The Air Force is delaying the award of a disputed $15 billion helicopter contract until the next administration.
The military service said Wednesday it needs more time to pick a contractor to replace an aging fleet of 141 combat search-and-rescue helicopters used to scoop up troops often stuck behind enemy lines.
Boeing Co. won the initial contract, but the program has been on hold for two years after Lockheed Martin Corp. and United Technologies Corp.'s Sikorsky Aircraft challenged the deal. The Government Accountability Office backed the losing bidders' protests, and called on the Air Force to reopen the competition.
The Air Force had planned to make a new award by December, but has notified the bidders it will be seeking more information from each before making a decision. Lt. Col. Ann Stefanek, an Air Force spokeswoman, said Wednesday that no new deadline has been set.
But industry officials, speaking on condition of anonymity because the service hadn't released details, said they don't expect a new award until spring.
"It's certain the next administration will decide who the winner is because we have run out of time in the Bush era," said Loren Thompson, a defense consultant with the Lexington Institute.
Paul Jackson, a spokesman for Stratford, Connecticut-based Sikorsky, lauded the Air Force's move to take additional time to make a selection. Boeing said it was disappointed over further delays to the program, but backed the service's choice to clarify its decision-making process, according to spokeswoman Jenna McMullin. Lockheed Martin spokesman Troy Scully said the company "eagerly awaits the next steps in the process."
The program has a tortured history, including the protests, several delays and an ongoing probe by the Pentagon inspector general's office over whether an earlier attempt to award the contract favored Boeing.
The inspector general's office has been investigating whether program requirements revised by the Air Force met both its and the service's guidelines — and did not benefit any particular competitor — which could have ultimately swayed the award to Chicago-based Boeing in 2006.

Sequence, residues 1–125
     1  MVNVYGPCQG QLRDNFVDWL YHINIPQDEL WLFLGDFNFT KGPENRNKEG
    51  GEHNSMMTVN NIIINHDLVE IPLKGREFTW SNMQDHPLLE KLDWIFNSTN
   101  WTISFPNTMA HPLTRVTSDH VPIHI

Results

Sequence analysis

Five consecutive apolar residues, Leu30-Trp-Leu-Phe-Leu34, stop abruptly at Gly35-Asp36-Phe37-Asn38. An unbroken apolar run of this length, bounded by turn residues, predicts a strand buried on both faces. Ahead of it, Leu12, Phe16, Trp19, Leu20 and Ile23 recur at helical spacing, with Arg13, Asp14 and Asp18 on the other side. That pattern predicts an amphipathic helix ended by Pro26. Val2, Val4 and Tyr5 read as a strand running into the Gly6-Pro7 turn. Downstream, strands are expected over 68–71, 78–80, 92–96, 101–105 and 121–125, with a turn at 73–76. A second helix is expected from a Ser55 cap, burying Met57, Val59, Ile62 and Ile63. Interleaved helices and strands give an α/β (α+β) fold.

The Air Force said the delay was not related to the inspector general's ongoing audit of the program and expects a final report will be released later this year.
Representatives from the inspector general's office had no immediate comment.
The helicopter contract setback is the third large Air Force deal delayed in recent months, following a $35 billion contract for refueling planes and a satellite program worth roughly $6 billion.
The Pentagon last month canceled the service's $35 billion competition between Northrop Grumman Corp. and Boeing to build a 179 aerial refueling planes after repeated delays and failed attempts to pick a winner.
Earlier this week, defense industry officials indicated the Air Force had pushed back an award for a new high speed networking satellite that the Pentagon wanted to improve battlefield communications. Bethesda, Maryland-based Lockheed and Boeing were vying for that award.
In recent weeks, United Technologies and Lockheed Martin have appeared to insulate themselves from the global economic slowdown as both reported a modest rise in third-quarter earnings. However, Boeing's quarterly profit fell 38 percent as strike and supplier production problems hurt results at the world's No. 2 commercial airplane maker.
Shares of all three companies finished lower Wednesday amid a broad market decline.
AP Business Writer Stephen Manning contributed to this report.